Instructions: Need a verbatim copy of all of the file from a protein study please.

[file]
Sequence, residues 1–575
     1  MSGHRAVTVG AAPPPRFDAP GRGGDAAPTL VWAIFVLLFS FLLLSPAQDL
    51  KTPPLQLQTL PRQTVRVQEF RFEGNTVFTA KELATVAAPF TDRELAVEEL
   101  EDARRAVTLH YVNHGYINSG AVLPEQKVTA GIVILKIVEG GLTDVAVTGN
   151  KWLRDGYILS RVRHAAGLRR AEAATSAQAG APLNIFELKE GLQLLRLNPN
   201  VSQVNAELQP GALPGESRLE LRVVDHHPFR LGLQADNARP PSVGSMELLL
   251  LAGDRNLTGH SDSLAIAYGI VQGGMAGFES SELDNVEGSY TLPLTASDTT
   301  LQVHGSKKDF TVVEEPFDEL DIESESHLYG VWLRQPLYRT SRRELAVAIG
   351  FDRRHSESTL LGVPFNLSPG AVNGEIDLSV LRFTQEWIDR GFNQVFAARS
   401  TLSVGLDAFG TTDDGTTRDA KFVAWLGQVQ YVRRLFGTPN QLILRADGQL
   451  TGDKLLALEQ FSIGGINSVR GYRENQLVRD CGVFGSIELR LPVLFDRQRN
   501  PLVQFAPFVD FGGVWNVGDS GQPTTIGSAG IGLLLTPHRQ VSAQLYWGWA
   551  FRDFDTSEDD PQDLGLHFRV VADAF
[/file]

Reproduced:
Sequence, residues 1–575
     1  MSGHRAVTVG AAPPPRFDAP GRGGDAAPTL VWAIFVLLFS FLLLSPAQDL
    51  KTPPLQLQTL PRQTVRVQEF RFEGNTVFTA KELATVAAPF TDRELAVEEL
   101  EDARRAVTLH YVNHGYINSG AVLPEQKVTA GIVILKIVEG GLTDVAVTGN
   151  KWLRDGYILS RVRHAAGLRR AEAATSAQAG APLNIFELKE GLQLLRLNPN
   201  VSQVNAELQP GALPGESRLE LRVVDHHPFR LGLQADNARP PSVGSMELLL
   251  LAGDRNLTGH SDSLAIAYGI VQGGMAGFES SELDNVEGSY TLPLTASDTT
   301  LQVHGSKKDF TVVEEPFDEL DIESESHLYG VWLRQPLYRT SRRELAVAIG
   351  FDRRHSESTL LGVPFNLSPG AVNGEIDLSV LRFTQEWIDR GFNQVFAARS
   401  TLSVGLDAFG TTDDGTTRDA KFVAWLGQVQ YVRRLFGTPN QLILRADGQL
   451  TGDKLLALEQ FSIGGINSVR GYRENQLVRD CGVFGSIELR LPVLFDRQRN
   501  PLVQFAPFVD FGGVWNVGDS GQPTTIGSAG IGLLLTPHRQ VSAQLYWGWA
   551  FRDFDTSEDD PQDLGLHFRV VADAF